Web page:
JANET HURLEY, Health Wise
One of the barriers I face in my current practice is the perspective from some patients that their health is not a priority. The erosion of this sense of personal responsibility for one’s health has not been a good thing.
I have many patients that take good care of themselves and come to the doctor at appropriate times for care. But I also have many others that do not take care of themselves and do not want to come to the doctor. What was once seen as an esteemed interaction is now seen by some as unwanted, costly and inconvenient. While there are certainly legitimate reasons why a patient cannot visit a physician, sometimes the real problem is the patient has only a casual concern for their health – and that can be a dangerous attitude.
In my practice, we often have patients call and request care for a problem over the phone. Sometimes it is appropriate for clinics to provide care over the phone, and other times it is not. In those cases, the clinic deems a face-to-face office visit necessary to provide safe, effective care, and most patients are happy to comply. But some patients are unhappy about the decision and react poorly. For example, a patient may be offended that a physician will not immediately prescribe a medication – but the physician believed this medication might be unsafe without an office visit.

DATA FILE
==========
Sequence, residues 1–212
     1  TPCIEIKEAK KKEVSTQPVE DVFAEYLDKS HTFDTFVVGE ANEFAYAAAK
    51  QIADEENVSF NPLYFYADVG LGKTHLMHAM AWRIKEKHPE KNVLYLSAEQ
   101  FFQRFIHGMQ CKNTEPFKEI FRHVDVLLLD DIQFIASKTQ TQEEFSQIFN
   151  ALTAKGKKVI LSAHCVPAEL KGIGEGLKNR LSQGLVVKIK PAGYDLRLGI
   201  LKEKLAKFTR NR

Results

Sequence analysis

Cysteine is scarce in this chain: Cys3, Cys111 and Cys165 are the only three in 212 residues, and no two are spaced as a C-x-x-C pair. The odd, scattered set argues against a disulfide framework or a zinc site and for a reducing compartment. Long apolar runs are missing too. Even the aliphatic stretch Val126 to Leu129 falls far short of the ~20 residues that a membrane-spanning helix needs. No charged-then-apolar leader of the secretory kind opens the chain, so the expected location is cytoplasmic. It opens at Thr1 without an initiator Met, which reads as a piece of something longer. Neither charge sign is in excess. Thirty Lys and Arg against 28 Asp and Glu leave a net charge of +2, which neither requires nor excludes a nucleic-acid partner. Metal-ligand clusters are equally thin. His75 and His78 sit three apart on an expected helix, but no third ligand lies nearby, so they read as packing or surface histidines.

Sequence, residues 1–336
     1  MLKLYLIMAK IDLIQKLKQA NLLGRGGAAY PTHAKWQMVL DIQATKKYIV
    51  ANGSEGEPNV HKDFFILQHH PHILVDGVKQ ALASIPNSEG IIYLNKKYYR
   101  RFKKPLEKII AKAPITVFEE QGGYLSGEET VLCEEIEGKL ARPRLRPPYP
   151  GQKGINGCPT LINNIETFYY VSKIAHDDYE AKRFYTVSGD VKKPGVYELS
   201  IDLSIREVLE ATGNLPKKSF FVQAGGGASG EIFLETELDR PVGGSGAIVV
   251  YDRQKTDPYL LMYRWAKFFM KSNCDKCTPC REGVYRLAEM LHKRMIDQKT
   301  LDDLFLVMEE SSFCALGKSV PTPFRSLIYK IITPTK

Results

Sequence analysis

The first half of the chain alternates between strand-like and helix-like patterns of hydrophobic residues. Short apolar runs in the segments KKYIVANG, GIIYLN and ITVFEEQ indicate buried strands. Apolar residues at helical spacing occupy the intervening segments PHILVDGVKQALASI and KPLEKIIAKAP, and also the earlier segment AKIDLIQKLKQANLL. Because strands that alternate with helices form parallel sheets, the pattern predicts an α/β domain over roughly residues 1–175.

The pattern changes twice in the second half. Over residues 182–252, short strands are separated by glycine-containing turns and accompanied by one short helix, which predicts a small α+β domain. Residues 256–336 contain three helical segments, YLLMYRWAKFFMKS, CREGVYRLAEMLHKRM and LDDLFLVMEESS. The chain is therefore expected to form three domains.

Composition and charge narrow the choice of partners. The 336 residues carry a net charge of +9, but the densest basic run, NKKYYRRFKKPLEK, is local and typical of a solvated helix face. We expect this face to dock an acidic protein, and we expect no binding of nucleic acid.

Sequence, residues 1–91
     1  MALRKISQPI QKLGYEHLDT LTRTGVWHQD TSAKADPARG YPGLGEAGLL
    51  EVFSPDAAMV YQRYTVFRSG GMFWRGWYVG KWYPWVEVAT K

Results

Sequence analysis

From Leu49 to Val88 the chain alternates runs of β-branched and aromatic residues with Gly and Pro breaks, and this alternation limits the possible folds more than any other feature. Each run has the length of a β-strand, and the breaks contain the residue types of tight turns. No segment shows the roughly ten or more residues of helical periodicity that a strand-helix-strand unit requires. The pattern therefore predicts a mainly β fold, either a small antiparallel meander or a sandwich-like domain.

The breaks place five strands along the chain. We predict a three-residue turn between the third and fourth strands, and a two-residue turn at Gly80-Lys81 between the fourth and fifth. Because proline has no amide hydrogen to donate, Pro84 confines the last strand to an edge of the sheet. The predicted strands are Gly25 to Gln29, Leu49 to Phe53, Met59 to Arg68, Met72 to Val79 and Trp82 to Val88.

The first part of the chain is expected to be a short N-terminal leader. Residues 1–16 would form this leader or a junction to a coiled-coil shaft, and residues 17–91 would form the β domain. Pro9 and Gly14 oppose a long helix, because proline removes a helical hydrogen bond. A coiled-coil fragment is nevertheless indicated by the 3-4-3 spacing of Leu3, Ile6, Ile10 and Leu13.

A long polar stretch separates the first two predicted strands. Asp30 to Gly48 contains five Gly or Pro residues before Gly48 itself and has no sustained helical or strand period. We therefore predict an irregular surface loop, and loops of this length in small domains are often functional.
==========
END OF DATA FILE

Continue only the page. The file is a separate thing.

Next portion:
I have some patients in my practice with very good insurance coverage – an advantage not all patients share. Yet, they tell me that it is inconvenient to come to the doctor. Their lives are busy, and they don’t want to miss work or have their kids miss school. Health care providers understand that it can be hard to prioritize these competing responsibilities and that not every patient can simply rearrange their schedules with ease. However, some patients simply do not wish to be bothered. Our health is one of our most valued possessions, and having personal health play second fiddle to a packed calendar can be a disturbing disruption of priorities.
The health care system is changing, looking for new ways to provide more innovative care solutions to assist patients in dealing with their transportation, work schedules and financial challenges. Yet health care systems can only go so far. Despite barriers that may exist, the health of the patient remains the priority of the physician. Patients cannot expect their medical team to manage their care over the phone, time after time, without unsafely lowering the standard of treatment.
No amount of government regulation, community involvement or health system intervention can overcome every health barrier if a patient chooses not to take personal responsibility for their health care. Regardless of specialty or severity, what most improves a doctor’s ability to provide good care is having that patient engaged and motivated about maintaining and achieving a good state of health. It is my hope that anyone reading this will choose to make their health a priority.